The U.S. Supreme Court on Monday declined to hear an appeal from investors who profited from Bernie Madoff's Ponzi scheme, shutting down their effort to avoid returning $41 million in fraudulent proceeds to the trustee overseeing the late con man's bankruptcy estate.
A Delaware bankruptcy judge on Monday approved the sale of theater chain Alamo Drafthouse Cinemas' assets to a pair of investment firms for a combination of nearly $21 million in debt, claims coverage and Chapter 11 wind-down costs.
Alamo Drafthouse Cinemas has received permission from a Delaware bankruptcy judge to pay up to $600,000 in employee bonuses, after arguing that the money is needed to keep workers on the job and performing until the theater chain's Chapter 11 sale goes through.
The Fourth Circuit Court of Appeals granted the Office of the United States trustee a pair of wins Thursday in a row with the liquidator of former retailer Circuit City when it upheld the constitutionality of a 2017 increase in quarterly fees charged by the trustee in Chapter 11 cases.
The Boy Scouts of America are asking a Delaware bankruptcy judge to deny a request by tort claimants to allow them to try and recategorize $350 million in intercompany debt, saying they don't have any claims worth pursuing.
A Manhattan federal jury on Friday convicted Live Well Financial founder Michael Hild of inflating the reverse-mortgage company's debt by hundreds of millions and taking $24 million in pay before it went under, rejecting his claim that he was "along for the ride" as others broke the law.
Harvey Weinstein on Friday succeeded in scuttling the Los Angeles district attorney's initial request for extradition on a new sex crimes indictment after arguing the DA's paperwork was flawed, a small victory for the convicted rapist that will further stall his transfer.
A New York federal judge declined to walk back his comments about an attorney whose representation of a client's ignition switch claims against General Motors "left much to be desired," finding Thursday that the attorney himself had acknowledged much of what was said.
A Colorado federal judge Thursday tapped Levi & Korsinsky LLP and Bragar Eagel & Squire PC to co-lead a consolidated class action alleging executives at Ultra Petroleum Corp. lied to investors about the oil and gas producer's prospects after it emerged from bankruptcy in 2018.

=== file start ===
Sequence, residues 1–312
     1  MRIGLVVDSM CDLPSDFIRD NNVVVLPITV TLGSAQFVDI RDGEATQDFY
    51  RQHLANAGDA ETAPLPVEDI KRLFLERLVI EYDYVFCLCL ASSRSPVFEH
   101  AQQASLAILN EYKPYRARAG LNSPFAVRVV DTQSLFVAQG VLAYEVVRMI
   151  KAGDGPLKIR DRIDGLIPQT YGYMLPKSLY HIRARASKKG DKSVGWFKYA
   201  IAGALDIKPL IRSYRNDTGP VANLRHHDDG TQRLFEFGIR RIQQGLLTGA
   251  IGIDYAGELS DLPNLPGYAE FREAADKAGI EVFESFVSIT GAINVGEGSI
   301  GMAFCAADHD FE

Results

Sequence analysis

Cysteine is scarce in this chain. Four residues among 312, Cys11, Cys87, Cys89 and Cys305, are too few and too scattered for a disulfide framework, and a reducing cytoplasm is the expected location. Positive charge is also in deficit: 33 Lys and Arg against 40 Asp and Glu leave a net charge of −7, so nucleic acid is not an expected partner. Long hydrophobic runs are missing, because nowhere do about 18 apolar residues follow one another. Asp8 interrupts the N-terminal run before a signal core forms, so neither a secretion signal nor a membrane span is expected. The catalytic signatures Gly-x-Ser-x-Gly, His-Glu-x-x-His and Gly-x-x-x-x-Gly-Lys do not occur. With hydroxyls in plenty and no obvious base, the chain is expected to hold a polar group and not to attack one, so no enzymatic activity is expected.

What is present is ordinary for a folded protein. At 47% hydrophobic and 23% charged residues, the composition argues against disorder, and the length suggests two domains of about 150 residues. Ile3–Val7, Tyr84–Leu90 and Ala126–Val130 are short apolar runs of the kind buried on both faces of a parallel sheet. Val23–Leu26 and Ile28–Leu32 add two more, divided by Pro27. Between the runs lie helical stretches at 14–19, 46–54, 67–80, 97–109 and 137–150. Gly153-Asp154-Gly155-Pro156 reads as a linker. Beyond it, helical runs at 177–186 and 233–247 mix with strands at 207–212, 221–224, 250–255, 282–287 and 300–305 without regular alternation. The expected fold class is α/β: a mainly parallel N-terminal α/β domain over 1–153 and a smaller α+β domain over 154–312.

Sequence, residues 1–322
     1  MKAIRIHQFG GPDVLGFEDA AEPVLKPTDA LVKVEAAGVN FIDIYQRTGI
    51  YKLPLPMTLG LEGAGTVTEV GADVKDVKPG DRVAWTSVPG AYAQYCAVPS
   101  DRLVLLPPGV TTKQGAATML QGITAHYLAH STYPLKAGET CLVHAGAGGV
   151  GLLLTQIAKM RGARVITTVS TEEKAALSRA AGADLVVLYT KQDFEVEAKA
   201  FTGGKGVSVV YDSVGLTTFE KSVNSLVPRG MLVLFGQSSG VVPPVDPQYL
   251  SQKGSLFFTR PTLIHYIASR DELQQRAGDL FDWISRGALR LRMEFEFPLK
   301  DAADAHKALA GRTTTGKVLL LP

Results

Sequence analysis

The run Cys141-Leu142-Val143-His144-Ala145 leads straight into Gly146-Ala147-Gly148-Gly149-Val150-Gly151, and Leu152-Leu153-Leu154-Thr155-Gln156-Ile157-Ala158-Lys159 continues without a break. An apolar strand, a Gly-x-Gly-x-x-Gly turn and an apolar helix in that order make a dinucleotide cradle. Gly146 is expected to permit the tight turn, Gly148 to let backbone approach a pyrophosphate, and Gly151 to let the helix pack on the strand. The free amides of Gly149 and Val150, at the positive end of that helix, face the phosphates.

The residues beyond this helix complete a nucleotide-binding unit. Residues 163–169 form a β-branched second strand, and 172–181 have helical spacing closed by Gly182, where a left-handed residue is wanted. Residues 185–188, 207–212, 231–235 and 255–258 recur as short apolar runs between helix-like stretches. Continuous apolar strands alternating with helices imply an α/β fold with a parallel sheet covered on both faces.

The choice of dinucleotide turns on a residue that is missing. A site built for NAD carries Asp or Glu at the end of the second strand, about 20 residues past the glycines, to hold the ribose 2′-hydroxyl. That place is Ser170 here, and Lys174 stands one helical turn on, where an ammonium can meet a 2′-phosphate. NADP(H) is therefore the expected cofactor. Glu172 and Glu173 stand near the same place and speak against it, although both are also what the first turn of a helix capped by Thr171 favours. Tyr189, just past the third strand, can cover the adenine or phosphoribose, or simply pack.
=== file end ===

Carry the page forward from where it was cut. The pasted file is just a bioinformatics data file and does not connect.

Mortgage lender Primary Residential Mortgage Inc. will have to pay out $14 million in attorney fees and costs on top of a $5.4 million judgment and $2 million in prejudgment interest after a Minnesota federal judge found it sold bad mortgage loans to the now-defunct Residential Funding Co. LLC.
The U.S. Trustee's Office's $1 million settlement with Skadden, WilmerHale and Dechert for failing to disclose connections with the Sackler family and Purdue Pharma in its Chapter 11 case was a shot across the bow of large bankruptcy firms, and BigLaw would be wise to take notice, experts told Law360.
The leader of the National Rifle Association on Thursday told a Texas bankruptcy judge that he led his organization through a "high-level course correction" that fixed the issues that form the basis for the attempt by the New York attorney general to dissolve the group.
The attorney for an alleged victim of convicted rapist and disgraced film producer Harvey Weinstein ripped another accuser's request for $1.2 million in compensation and fees from The Weinstein Company's bankruptcy estate, arguing Thursday the second woman's lawyers were using her as a "front" in an effort to recover from a failed class-action settlement.
A Texas bankruptcy judge said Thursday that Griddy Energy's Chapter 11 documents weren't ready for distribution and gave the official committee of unsecured creditors about three weeks to assess the value of any potential claims against the directors and officers of the bankrupt electricity provider and its nondebtor affiliates.